September brings with it Pumpkin Spice Lattes, fall foliage and a bit of a nip in the air, but it’s not yet time to wave goodbye to the produce we’ve been relishing all summer.
“We’re right at the end of summer harvest so some of those fruits and vegetables that we’ve enjoyed are still in season,” says Libby Mills of the Academy of Nutrition and Dietetics. “We’ve got through the end of September to enjoy tomatoes, summer squash, some herbs that are more fragile like basil; arugula, green beans, cantaloupe. Stock up and enjoy them.”
And though time is of the essence for those produce picks, the change in season means we’re entering the harvest season for other fruits and vegetables like eggplant, broccoli, cabbage, cauliflower and endive.
Of course, autumn is synonymous with apples, and while Mills is all for adding them to your fall diet, just be sure to give them — and all other produce you stock up on this season — a good wash.
“It’s absolutely very important to wash all your produce, no matter what,” Mills says. “We sometimes think, ‘Oh, it’s from a farmers market, it’s cleaner’ — maybe, maybe not.” Indeed, your farmer might be spraying the produce with pesticides, and it’s easy to forget that produce comes into contact with dirt and animals.
But don’t feel like you have to buy one of those fancy vegetable washes to get your goods clean: “You really don’t have to go that far,” Mills says. “You can use just a light, soapy solution. Make sure you rinse it really well.” For an all-natural wash, she recommends adding 3 tablespoons apple cider vinegar to a gallon of water.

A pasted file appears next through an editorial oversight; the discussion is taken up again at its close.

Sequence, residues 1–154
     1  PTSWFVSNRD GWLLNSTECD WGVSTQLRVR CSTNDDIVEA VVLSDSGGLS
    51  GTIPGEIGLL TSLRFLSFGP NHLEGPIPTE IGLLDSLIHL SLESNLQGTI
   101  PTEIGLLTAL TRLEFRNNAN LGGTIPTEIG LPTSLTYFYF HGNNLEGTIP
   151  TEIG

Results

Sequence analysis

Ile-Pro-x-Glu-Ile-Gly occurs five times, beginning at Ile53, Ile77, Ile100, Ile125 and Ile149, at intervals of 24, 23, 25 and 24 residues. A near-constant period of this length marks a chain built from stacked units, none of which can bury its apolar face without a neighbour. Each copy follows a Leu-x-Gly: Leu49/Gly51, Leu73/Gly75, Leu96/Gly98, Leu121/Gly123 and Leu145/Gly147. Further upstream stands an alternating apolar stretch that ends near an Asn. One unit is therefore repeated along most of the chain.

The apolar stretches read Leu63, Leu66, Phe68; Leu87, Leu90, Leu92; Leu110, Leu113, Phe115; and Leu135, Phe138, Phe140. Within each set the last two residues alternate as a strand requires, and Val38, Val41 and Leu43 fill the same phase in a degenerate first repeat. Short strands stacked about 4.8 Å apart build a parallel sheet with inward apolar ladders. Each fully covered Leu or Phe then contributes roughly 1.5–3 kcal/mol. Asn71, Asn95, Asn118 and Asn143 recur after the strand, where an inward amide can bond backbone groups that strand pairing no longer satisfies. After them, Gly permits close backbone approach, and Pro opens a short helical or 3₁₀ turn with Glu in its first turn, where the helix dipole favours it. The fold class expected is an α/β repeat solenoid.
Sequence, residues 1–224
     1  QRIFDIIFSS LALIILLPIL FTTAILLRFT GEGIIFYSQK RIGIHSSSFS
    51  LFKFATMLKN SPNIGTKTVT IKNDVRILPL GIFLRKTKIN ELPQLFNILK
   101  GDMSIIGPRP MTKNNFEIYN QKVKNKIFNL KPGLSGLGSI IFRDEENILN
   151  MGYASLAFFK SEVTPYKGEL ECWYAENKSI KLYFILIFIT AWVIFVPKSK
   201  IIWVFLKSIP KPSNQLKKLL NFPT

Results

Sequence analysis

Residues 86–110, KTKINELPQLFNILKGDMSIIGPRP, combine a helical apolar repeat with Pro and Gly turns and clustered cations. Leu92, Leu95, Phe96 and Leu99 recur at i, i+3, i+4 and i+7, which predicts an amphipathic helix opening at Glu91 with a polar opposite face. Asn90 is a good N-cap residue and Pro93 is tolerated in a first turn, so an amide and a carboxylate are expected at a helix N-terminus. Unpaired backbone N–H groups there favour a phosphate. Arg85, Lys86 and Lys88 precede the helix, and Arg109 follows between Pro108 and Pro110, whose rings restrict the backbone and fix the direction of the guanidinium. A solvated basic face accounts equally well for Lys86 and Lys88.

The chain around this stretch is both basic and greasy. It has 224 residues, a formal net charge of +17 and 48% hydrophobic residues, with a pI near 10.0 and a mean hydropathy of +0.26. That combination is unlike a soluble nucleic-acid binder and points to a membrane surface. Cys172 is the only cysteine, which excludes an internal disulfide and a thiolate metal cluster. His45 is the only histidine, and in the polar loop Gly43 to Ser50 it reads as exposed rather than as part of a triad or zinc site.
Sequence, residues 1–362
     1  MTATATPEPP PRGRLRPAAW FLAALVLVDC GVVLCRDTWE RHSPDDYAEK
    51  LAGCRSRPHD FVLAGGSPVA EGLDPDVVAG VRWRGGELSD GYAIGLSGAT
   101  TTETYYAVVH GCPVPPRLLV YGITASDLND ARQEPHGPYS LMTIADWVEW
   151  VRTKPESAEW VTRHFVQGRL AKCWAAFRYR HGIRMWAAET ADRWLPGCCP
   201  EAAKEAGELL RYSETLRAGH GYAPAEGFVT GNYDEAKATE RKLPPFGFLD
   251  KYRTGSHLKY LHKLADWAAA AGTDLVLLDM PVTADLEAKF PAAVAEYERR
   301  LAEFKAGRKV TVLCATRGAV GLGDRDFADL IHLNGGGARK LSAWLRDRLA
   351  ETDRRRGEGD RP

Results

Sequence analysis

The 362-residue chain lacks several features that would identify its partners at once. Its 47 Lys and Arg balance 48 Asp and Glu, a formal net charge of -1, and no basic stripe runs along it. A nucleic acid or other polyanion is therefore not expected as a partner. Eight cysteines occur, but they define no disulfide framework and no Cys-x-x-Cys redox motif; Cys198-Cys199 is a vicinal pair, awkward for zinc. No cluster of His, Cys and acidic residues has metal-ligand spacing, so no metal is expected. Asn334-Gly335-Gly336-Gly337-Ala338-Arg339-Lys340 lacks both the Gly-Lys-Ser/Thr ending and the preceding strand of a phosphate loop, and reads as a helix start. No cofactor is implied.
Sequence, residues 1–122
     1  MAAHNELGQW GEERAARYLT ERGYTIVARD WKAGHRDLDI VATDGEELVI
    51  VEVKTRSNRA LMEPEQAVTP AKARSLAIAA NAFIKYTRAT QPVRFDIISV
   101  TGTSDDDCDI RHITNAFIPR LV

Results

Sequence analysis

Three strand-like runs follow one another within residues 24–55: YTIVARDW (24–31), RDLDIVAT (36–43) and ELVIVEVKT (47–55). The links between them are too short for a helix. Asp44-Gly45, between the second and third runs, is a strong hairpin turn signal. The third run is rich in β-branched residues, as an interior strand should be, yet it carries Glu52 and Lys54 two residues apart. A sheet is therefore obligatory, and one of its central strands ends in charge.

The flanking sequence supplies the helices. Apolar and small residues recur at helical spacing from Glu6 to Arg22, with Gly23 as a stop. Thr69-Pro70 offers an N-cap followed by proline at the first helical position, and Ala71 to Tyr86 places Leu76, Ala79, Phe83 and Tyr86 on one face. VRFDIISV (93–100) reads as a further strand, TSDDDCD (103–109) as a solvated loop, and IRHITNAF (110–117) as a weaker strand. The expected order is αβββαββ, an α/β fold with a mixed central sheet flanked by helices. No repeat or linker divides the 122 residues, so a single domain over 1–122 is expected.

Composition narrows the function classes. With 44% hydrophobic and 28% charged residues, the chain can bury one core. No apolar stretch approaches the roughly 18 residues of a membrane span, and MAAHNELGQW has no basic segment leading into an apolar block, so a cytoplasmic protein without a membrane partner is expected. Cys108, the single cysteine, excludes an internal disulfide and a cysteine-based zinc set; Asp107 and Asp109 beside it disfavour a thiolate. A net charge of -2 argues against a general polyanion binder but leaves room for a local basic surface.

Talk like a farmer
A major benefit of visiting farmers markets is “you get to talk with the producer and ask them specifically how that product is grown,” Mills says. Then, you can weigh that information against your own values.
Some sample questions to ask: Do they use pesticides? How often? Do they mix organic and non-organic farming methods? If the answer to that last question is yes, don’t fret. Some produce — like anything with a peel and anything not grown in the ground — is OK inorganic, because pesticides are less able to seep through.
Don’t be put off if you don’t see an organic label at your farmer’s stand — turns out that label costs a pretty penny for a small farmer. Your produce might still “be in as natural a state as it can be,” Mills says — but you do have to ask.
In the GMO know
If your produce is certified organic it’s grown without any GMOs, though Mills does come to the defense of the science-bred foods.
“I think it’s important to recognize that they are a part of our food system, they are FDA-approved, and they are equally nutritious as organic versions,” she says. “For many people they represent an excellent choice.”